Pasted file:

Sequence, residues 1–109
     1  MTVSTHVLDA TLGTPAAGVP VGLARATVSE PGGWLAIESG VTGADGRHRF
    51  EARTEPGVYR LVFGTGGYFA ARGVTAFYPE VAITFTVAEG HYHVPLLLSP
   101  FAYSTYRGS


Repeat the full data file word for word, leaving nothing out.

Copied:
Sequence, residues 1–109
     1  MTVSTHVLDA TLGTPAAGVP VGLARATVSE PGGWLAIESG VTGADGRHRF
    51  EARTEPGVYR LVFGTGGYFA ARGVTAFYPE VAITFTVAEG HYHVPLLLSP
   101  FAYSTYRGS